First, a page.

To really drive home the message to commercial customers, on top of their educational program, MVD trains drivers on the organics route to report contamination when it is found. If a dumpster is too contaminated, the driver takes a picture of the open bin, which is uploaded to the customer’s account, along with the message, “This is what your bin looked like today. We’re going to dump it as trash.” The organics truck moves on, and a trash truck is re-routed to collect the bin. It may seem costly to re-route a trash truck to pick up a contaminated organics bin, but it makes business sense. “The back end cleaning is going to be more expensive than sending another truck,” Kalpakoff explains.
Moving forward: More food collection
Food waste collection in California is already being driven by laws such as AB 1826 (Chesbro, Chapter 727, Statutes of 2014)—mandatory commercial organics recycling—but MVD has operational drivers as well. An adequate supply of clean food waste to mix with green waste allows Mid Valley to dial in a recipe, perfect its use of the GORE system, and compost with maximum efficiency. Given the area’s hot, dry climate, composting operations at Mid Valley require adding water. Because food is mostly water, increased food waste feedstock helps attain adequate moisture in the initial compost pile mix. All of this helps Mid Valley’s customers attain their solid waste diversion goals.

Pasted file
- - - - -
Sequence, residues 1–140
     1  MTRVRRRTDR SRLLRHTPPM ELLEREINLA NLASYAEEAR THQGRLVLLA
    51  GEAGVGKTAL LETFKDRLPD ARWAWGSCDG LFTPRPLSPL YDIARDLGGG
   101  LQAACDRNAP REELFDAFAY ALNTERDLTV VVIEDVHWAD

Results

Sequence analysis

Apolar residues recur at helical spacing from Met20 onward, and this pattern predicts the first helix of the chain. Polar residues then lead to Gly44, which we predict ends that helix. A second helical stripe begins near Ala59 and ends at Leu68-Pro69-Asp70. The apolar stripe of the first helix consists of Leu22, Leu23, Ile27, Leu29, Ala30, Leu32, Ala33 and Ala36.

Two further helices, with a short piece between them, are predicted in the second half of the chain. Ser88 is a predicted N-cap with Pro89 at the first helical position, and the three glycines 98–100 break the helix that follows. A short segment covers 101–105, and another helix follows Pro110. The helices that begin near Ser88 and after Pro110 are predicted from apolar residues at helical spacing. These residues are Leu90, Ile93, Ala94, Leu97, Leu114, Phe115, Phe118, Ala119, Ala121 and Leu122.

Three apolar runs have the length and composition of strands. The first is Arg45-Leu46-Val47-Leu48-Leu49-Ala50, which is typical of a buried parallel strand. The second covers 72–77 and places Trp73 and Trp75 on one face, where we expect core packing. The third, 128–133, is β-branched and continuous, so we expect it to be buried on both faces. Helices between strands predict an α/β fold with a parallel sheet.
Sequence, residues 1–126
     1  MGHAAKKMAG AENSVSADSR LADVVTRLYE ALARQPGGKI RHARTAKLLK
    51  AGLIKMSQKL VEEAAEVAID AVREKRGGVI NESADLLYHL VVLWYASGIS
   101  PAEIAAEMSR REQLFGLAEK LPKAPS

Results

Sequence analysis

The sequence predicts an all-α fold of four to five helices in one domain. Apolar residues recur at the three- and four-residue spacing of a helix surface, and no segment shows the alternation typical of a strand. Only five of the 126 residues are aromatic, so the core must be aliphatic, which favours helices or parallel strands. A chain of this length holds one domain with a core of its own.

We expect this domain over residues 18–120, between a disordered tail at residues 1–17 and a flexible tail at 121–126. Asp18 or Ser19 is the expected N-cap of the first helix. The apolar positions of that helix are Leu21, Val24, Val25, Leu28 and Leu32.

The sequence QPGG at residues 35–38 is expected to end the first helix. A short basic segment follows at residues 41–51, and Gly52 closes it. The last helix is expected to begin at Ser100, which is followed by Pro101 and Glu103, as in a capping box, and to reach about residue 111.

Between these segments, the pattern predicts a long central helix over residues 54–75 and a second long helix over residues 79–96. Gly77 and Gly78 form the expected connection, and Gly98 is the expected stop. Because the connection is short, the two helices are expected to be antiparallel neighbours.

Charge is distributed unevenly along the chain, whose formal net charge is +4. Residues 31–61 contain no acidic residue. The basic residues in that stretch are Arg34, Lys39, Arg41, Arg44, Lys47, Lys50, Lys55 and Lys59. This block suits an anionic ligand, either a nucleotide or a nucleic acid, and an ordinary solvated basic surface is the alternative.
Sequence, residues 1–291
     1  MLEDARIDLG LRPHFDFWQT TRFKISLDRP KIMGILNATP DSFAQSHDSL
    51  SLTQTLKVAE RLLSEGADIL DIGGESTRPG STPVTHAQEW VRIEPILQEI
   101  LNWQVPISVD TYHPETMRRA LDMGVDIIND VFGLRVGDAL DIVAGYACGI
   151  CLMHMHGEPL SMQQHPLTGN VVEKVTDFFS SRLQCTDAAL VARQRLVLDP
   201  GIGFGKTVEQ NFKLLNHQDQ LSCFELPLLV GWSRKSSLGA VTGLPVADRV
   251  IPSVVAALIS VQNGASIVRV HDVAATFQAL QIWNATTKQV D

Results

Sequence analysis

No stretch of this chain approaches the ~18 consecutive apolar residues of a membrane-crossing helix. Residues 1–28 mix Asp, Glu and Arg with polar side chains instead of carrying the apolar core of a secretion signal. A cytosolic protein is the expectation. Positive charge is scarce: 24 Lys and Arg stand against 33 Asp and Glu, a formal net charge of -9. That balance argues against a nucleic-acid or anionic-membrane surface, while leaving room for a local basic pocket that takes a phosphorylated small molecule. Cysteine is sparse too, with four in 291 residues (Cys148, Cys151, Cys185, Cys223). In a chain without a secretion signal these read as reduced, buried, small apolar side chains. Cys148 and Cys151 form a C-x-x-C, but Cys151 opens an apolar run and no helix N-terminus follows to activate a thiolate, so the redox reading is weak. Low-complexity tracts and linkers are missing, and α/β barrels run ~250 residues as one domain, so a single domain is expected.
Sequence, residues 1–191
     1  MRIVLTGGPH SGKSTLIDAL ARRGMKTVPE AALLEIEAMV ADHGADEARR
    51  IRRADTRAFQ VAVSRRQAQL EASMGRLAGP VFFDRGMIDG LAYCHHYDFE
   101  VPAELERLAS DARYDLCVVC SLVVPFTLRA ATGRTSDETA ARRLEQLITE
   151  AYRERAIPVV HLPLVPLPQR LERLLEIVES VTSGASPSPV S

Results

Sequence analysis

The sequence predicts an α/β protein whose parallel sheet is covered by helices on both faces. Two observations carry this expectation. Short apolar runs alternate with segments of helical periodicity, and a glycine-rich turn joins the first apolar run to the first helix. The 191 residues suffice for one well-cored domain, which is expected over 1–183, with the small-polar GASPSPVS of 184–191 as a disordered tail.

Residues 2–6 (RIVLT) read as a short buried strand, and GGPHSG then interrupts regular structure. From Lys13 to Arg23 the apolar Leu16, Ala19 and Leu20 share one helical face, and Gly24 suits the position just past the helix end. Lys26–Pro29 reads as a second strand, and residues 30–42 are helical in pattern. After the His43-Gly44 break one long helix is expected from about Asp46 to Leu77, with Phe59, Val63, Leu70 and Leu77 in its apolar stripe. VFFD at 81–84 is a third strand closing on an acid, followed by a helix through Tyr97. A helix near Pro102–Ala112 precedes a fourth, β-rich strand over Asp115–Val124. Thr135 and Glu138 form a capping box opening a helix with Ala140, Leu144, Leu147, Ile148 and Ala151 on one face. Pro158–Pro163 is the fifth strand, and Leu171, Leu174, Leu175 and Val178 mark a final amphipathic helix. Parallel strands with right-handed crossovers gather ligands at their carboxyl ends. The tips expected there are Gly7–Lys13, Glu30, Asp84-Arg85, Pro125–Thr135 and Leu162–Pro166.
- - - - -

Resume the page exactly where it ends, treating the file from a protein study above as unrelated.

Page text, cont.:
“I think we’re in a great spot, but as a business owner and a composter, I need the food waste volumes now,” said Joe Kalpakoff. “That is the challenge. We know it’s out there. How do we go get it?” With 27 franchises, and the upcoming SB 1383 (Lara, Chapter 395, Statutes of 2016) regulation package further cementing the need for food waste source reduction and collection, the food is definitely there. Keeping participation rates high, continuous education to reduce contamination, and effectively marketing the finished compost are the ongoing challenges.
- Continuous outreach and education programs.
- Bin inspection by drivers and immediate feedback on contaminated loads.
- CalRecycle Organics grant to reduce capital costs and lower tip fees.
- Gore compost system to meet stringent San Joaqin Valley air pollution regulations.
- Continuous refinement of messaging based on experience managing the compost process.